The History of Volcanism on Mars
The measurements were made while Mars Express was at altitudes of between 275-330 km above the Tharsis volcanic ‘bulge’ during the closest points of its eccentric orbit, and were combined with data from NASA’s Mars Reconnaissance Orbiter.
The Tharsis bulge includes Olympus Mons -- the tallest volcano in the Solar System, at 21 km -- and the three smaller Tharsis Montes that are evenly spaced in a row.
The region is thought to have been volcanically active until 100-250 million years ago, relatively recent on a geological timescale.
The large mass of the volcanoes caused tiny ‘wobbles’ in the trajectory of Mars Express as it flew overhead; these were measured from Earth via radio tracking and translated into measurements of density variations below the surface.
Overall, the high density of the volcanoes corresponds to a basaltic composition that is in agreement with the many Martian meteorites that have fallen to Earth.
The new data also reveal how the lava density changed during the construction of the three Tharsis Montes volcanoes. They started with a lighter andesitic lava that can form in the presence of water, and were then overlaid with heavier basaltic lava that makes up the visible surface of the Martian crust.
“Combined with the varying height of the volcanoes, we can say that Arsia Mons is the oldest, then Pavonis Mons formed and finally Ascraeus Mons,” says Mikael Beuthe of the Royal Observatory of Belgium and lead author of the paper published in the Journal of Geophysical Research.
The transition could reflect changes in heating beneath the surface in the form of a single mantle plume -- an upwelling of abnormally hot rock from deeper within the viscous mantle, created in a process that can be likened to a lava lamp but on a gigantic scale -- that slowly moved sideways to create each of the three Tharsis Montes in turn. This is the exact opposite of Earth where ‘plates’ of crust move above a stationary plume to form chains of volcanoes, such as the Hawaiian islands.
The data also describe the thickness of the lithosphere -- the outermost shell of the planet, including the upper portion of the mantle -- and find surprising lateral variations between Olympus Mons and the Tharsis Montes, with the three smaller volcanoes having a much higher density underground ‘root’ than Olympus Mons.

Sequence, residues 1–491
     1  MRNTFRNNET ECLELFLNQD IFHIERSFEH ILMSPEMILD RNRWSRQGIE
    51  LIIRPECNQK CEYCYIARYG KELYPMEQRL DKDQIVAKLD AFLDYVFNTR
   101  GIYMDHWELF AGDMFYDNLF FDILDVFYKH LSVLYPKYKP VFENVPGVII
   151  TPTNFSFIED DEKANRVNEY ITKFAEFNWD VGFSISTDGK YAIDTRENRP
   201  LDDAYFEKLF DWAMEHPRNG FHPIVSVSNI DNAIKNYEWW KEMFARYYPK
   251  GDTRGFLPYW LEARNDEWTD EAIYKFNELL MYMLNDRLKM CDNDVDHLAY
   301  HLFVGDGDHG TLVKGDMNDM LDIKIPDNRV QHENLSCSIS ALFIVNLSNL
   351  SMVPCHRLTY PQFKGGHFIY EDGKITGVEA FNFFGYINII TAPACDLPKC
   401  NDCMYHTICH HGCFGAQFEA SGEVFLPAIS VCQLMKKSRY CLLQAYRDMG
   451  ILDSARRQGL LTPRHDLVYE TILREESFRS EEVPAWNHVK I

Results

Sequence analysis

These roots could be dense pockets of solidified lava or an ancient network of underground magma chambers.
“The lack of a high-density root below Olympus Mons indicates it was built on a lithosphere of high rigidity, while the other volcanoes partially sank into a less rigid lithosphere,” says co-author Veronique Dehant, also of the Royal Observatory of Belgium. “This tells us that there were large spatial variations in the heat flux from the mantle at the time of their formation.”
Since the three Tharsis Montes sit on top of the Tharsis bulge, whereas Olympus Mons stands on the edge, the greater crustal thickness at the centre may have acted as an insulating lid to increase the temperature, creating a less rigid lithosphere. Here rising magma interacted with the pre-existing bulge, whereas the magma forming Olympus Mons ascended through the older crust that is supporting the Tharsis bulge, perhaps creating the observed density differences between the volcanoes.
“These results show that data on the Mars interior are key to understanding the evolution of the Red Planet,” says Olivier Witasse, ESA Mars Express Project Scientist. “One option for a future mission to Mars would be a network of small landers, simultaneously measuring seismic activity in order to probe the interior.
Understanding the lithosphere of Mars is also essential for astrobiologists who are trying to identify environments on Mars that could have supported life in the planet's past.